Some of us know the problem:
Bandwidth terror through an abundance of chatty sensors!
For example, in a manufacturing building, network traffic would go through the roof, if “everything” would be directly connected to the Internet (although, it is the Internet of Things) and, of course, it would be a security nightmare, too.
Well, let us leave the latter topic aside for a moment and stick to the traffic requirements.
The Cloud promise was, connect everything to the Internet and in the Cloud, magically, everything gets done!
While this is not false in a lot of scenarios, it is not always true!
Depending on solution use cases in focus, there are quite a few scenarios where distributed smart architectures have significant benefits over a centralistic approach.
In these cases devices on the “Edge” come into play. They are gateway devices running pre-processing logic and providing storage capabilities to handle part of the overall system workload on-premise, on the edge to the Internet. By doing this, enable the transformation of raw events into higher quality events, such as e.g. the reporting of temperature sensors only, if set limits are exceeded. The higher quality events are passed into the Cloud solution and are handled there to trigger related business logic.
Benefits of this design include
- Significant lower traffic on central system
- Better manageability / monitoring and security of data flow
- Robustness against network outages (at least in some of the scenarios)
but, it comes with challenges, as well, such as:
- Handling of business logic on the edge
- Device management of IOT devices as well as edge devices
This needs to be taken into consideration!
However, if you are a vendor creating Cloud solutions experiencing a lot of data ingress, sooner or later you end up installing Edge devices to sort out raw events spamming your backend. You will buy devices and or talk to the customer to install these devices in the on-premise data-center.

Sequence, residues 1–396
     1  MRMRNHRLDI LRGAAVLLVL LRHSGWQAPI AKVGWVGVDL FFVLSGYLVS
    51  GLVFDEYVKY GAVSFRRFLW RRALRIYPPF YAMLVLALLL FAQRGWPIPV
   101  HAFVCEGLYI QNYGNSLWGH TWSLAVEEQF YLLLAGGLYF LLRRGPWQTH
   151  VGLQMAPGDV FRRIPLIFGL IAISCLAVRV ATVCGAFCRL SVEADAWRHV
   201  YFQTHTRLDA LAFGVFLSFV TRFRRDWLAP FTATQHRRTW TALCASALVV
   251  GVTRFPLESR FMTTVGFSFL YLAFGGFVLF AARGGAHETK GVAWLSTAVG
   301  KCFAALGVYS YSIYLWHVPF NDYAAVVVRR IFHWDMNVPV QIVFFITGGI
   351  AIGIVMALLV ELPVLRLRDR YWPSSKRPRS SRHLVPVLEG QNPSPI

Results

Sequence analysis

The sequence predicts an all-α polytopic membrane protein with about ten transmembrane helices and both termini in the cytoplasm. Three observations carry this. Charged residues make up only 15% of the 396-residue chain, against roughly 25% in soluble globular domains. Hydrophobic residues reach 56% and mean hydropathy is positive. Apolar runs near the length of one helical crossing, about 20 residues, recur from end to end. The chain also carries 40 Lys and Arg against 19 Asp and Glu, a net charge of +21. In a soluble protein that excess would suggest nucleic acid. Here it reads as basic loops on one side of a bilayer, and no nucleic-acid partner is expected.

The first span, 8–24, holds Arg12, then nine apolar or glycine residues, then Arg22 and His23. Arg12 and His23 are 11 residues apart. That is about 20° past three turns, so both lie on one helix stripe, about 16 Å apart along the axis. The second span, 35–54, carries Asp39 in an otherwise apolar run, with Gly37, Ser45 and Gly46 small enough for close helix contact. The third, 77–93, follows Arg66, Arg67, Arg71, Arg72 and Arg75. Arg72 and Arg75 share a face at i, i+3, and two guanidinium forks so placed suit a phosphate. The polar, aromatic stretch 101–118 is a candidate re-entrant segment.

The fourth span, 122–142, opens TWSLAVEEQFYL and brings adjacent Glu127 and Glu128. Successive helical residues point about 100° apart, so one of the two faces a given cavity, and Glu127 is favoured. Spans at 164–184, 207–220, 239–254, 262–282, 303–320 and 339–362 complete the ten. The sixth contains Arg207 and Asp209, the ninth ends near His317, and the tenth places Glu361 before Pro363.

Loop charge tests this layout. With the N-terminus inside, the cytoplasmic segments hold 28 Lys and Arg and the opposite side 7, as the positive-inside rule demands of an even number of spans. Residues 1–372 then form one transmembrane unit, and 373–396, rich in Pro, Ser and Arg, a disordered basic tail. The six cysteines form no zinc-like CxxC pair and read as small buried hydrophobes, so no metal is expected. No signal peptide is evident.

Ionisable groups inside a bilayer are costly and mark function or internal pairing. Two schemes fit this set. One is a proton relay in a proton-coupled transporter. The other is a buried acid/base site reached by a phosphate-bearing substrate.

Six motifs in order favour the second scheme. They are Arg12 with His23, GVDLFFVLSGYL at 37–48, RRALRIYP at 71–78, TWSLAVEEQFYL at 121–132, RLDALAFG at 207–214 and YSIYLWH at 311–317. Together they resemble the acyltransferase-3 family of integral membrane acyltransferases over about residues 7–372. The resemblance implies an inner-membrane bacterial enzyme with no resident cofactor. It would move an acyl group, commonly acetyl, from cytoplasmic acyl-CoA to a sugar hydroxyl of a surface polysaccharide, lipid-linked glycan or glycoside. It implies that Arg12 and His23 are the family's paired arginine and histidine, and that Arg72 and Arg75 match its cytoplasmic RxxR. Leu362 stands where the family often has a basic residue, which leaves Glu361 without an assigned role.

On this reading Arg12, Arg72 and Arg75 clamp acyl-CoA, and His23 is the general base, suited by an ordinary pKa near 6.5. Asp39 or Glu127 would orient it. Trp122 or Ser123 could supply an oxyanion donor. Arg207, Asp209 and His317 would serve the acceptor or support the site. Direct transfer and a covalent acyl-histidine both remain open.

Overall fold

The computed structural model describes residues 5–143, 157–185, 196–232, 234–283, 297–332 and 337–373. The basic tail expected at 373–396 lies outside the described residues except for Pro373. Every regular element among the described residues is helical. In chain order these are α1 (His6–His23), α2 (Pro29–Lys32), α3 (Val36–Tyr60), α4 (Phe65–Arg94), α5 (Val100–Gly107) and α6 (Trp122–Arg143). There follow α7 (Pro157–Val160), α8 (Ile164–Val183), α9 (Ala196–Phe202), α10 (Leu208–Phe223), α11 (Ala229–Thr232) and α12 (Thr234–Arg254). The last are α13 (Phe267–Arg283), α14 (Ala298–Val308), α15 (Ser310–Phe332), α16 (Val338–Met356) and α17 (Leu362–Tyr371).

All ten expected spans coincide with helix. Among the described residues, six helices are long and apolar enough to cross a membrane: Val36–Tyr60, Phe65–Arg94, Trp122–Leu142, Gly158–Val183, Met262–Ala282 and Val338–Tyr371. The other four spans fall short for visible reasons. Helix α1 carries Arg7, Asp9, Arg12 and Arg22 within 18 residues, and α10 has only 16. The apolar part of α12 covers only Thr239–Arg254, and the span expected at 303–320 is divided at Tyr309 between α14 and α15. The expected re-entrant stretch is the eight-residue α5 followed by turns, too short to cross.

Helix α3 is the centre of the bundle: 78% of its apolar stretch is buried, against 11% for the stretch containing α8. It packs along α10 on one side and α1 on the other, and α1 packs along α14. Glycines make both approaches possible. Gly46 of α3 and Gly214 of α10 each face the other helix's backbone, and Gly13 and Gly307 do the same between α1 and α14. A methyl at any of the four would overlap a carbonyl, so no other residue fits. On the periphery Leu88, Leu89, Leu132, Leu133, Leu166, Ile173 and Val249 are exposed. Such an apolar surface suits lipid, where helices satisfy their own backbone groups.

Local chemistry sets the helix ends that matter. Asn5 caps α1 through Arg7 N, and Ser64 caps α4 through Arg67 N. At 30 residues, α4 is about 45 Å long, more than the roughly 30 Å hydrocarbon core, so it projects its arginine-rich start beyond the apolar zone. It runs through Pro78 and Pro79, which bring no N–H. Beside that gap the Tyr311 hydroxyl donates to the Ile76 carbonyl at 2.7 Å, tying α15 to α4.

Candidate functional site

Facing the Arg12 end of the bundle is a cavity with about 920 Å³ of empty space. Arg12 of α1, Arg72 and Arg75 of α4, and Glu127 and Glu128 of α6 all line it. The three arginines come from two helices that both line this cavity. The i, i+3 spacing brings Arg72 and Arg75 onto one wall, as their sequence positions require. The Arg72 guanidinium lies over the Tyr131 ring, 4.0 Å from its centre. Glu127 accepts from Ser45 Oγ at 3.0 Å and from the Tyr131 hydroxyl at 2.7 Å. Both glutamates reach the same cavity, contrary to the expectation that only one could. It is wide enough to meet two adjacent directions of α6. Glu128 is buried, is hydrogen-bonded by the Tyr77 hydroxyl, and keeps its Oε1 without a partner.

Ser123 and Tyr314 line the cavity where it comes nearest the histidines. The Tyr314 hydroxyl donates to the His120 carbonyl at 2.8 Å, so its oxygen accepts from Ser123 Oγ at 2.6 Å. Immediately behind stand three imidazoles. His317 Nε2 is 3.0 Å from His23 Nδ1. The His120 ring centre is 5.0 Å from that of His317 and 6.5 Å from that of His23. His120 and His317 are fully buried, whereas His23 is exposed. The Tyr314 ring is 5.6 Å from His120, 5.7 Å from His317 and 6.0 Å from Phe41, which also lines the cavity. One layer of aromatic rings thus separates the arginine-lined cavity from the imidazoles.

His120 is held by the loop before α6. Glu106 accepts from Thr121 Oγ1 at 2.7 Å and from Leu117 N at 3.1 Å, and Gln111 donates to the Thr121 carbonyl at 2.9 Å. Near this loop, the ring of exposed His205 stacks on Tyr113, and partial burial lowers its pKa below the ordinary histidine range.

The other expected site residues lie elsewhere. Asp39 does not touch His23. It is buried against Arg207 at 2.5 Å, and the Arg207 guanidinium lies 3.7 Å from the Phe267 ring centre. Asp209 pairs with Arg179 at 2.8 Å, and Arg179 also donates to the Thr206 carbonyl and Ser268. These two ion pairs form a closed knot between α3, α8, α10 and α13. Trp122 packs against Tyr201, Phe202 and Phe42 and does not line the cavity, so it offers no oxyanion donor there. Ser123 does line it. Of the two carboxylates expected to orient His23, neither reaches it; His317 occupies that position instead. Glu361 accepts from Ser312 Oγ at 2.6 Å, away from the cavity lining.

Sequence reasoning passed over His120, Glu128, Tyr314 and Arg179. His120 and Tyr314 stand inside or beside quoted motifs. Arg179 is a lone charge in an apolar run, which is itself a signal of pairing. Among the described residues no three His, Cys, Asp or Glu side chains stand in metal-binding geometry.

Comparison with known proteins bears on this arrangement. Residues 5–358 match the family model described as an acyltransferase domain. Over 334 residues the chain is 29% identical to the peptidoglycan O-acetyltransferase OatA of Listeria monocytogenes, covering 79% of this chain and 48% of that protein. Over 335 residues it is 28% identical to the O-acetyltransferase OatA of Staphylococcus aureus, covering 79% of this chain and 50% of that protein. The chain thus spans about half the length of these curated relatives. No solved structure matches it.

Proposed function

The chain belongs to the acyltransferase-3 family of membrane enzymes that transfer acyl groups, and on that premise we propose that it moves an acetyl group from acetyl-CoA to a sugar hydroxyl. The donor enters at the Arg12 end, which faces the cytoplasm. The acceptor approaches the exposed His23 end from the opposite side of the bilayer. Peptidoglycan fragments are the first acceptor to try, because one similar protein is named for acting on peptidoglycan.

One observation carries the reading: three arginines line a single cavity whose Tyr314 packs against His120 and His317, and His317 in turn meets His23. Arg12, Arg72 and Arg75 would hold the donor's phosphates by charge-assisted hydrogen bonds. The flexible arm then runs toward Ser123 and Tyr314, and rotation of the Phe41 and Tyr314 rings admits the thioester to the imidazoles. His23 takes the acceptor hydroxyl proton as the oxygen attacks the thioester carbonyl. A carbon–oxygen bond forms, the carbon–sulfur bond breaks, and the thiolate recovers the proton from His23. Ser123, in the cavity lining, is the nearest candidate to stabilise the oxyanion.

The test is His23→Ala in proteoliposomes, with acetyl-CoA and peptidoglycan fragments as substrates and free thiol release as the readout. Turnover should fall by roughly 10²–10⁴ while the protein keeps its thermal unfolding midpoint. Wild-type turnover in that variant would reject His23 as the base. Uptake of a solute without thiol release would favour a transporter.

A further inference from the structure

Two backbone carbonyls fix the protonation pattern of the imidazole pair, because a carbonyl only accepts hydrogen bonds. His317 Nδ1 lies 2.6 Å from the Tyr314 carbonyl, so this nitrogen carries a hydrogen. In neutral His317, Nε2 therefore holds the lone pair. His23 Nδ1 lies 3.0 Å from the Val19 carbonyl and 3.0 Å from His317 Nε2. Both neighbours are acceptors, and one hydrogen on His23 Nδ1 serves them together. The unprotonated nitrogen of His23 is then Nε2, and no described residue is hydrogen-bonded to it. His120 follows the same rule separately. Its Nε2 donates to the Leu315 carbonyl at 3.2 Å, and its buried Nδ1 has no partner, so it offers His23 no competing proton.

The drawback with this approach is that it adds a lot of upfront cost to your solution.
Edge devices might be quite capable, full-fledged and therefore expensive servers that a customer may also want to include into his system management to keep them patched and secure. This triggers often time consuming approval processes to get things into place.
All of this may kill your project or POC before it even has started!
So, is there a smarter way to approach this issue?
As you may have guessed from the title of the post, there is. Microsoft is extending its Cloud-native rent-my-system approach to edge hardware and software. In this case the system of interest is called Azure Stack Edge (fka Azure Data Box Edge – Microsoft likes the renaming game, as we know).
There is a very informative IOT Show episode on this solution, still using the old name.
Benefits of the Cloud-rental approach are that the Stack Edge devices are managed centrally via an Azure service. The service allows the installation and management of Azure IOT edge modules taken over the responsibility for the distributed logic in the system. Looking at IOT devices, it is especially interesting that these devices can be connected to a local (Edge) instance of IOTHub and also be managed from there, which gives you the best of both worlds: The devices are safe behind the firewall, but still accessible via the Edge gateway for administrative purposes!
Microsoft operates the Edge devices as an appliance, which means it takes over responsibility for any OS (Stack Edge is running on Linux) or runtime patches.
IOT Edge modules deployed can be available building blocks from Microsoft or 3rd party vendors, as well be self-developed Edge modules suiting the implemented solution.
This is really powerful, because it leaves solution developers the flexibility to draw existing commercial building blocks e.g. for AI or highspeed processing from Azure Marketplace and focus on the business needs of the solution.
If a customer needs a test at their location, the rental model is not to beat. Just ship your devices and a pre-configured Edge device and a POC can be up and running in minutes, not costing a fortune and hardware. If not suiting, it can be stopped any time with out wasting more costs and energy.
Looks like a quite innovative, efficient and modern approach to me! 🙂